Dan Deeter was working as an engineering consultant on private construction projects in 2008 when the Great Recession took a wrecking ball to the market.

"I was designing and developing subdivisions for a variety of different home builders," he said. "When the bottom dropped out, there was a whole bunch of civil engineers who were out of jobs."

Deeter decided to explore the municipal sector, applying for the village engineer position in Hinsdale. He was asked if he planned to return to private industry once conditions improved.

"I said, 'You've got a career's worth of work here," Deeter recounted. "I decided to stay."

Shortly after his hiring, the village launched its master infrastructure plan to repair and upgrade the streets, sewers and water mains.

A self-described "Army brat," Deeter lived all over the world as a youth. He attended West Point, earning a degree in general engineering in 1980 and served in the Army, either active duty or in reserves, for the next 26 years.

In the wake of 9-11, Deeter traveled to Afghanistan with the Army Corps of Engineers to help supervise the rebuilding of war-ravaged roads and bridges as well as schools and medical clinics.

"The (military) wanted to get restoration going as soon as possible," he said, noting how schools for girls had been shut down by the Taliban and used as barracks.

"During the civil war, those barracks got attacked and destroyed," he said. "So we were rebuilding girls and boys schools. It's was really rewarding."

He recalled taking photos of a bridge demolition work site manned by two Afghanis using only hammers and chisels.

"I look down at the camera, and then I look back up and there are now three guys standing there," Deeter said. "I look back up and there are five guys standing there.

"None of them had a picture of themselves," he explained, and he would give them each a printed copy.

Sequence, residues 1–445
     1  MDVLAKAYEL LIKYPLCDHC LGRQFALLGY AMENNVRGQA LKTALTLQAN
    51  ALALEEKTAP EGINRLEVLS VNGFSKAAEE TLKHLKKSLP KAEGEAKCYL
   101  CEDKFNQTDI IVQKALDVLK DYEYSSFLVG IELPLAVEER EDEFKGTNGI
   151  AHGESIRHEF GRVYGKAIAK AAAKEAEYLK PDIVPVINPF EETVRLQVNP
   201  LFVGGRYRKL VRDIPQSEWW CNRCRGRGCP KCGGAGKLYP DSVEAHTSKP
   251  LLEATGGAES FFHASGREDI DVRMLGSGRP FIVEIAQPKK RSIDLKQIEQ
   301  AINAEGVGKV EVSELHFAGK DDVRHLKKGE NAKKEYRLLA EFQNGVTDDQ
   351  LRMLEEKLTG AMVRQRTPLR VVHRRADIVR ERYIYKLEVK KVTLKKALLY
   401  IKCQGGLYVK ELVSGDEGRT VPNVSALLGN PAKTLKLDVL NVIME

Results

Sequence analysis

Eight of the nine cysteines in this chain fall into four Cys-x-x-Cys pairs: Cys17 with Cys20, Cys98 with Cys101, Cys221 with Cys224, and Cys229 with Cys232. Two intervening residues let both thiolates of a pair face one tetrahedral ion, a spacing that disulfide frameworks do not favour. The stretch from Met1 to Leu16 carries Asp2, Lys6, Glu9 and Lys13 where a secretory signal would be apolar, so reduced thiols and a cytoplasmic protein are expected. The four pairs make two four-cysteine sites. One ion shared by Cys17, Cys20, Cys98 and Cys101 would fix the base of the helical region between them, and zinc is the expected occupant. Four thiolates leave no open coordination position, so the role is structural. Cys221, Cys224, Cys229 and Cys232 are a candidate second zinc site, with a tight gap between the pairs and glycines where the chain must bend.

Deeter also was deployed to Kuwait to develop the infrastructure needed for Operation Iraqi Freedom. Resourcefulness was vital, such as reversing the flow of crude oil pipes to fuel land-based military equipment instead of going to the port for shipment.

"There were interesting innovations that we did," said the father of three.

That visionary approach has been helpful in his current role. For example, this year's Chicago Avenue reconstruction with a new water main could have simply been a resurfacing for less money, But at a much steeper long-range cost.

"The water main underneath it is 100 years old," Deeter said, noting what would have happened if it had not been replaced. "We're just going to have to break into it again to fix the (water main) breaks."

From stormwater detention solutions to working with the Illinois Tollway on mitigating the impact of its expansion on residents, Deeter relishes having something tangible to point to at the end of the day.

"I like engineering because you get concrete results," he remarked, acknowledging the pun. "You can see the results of your work, the improvements you make that help people."

- by Ken Knutson

Author Bio

Ken Knutson is associate editor of The Hinsdalean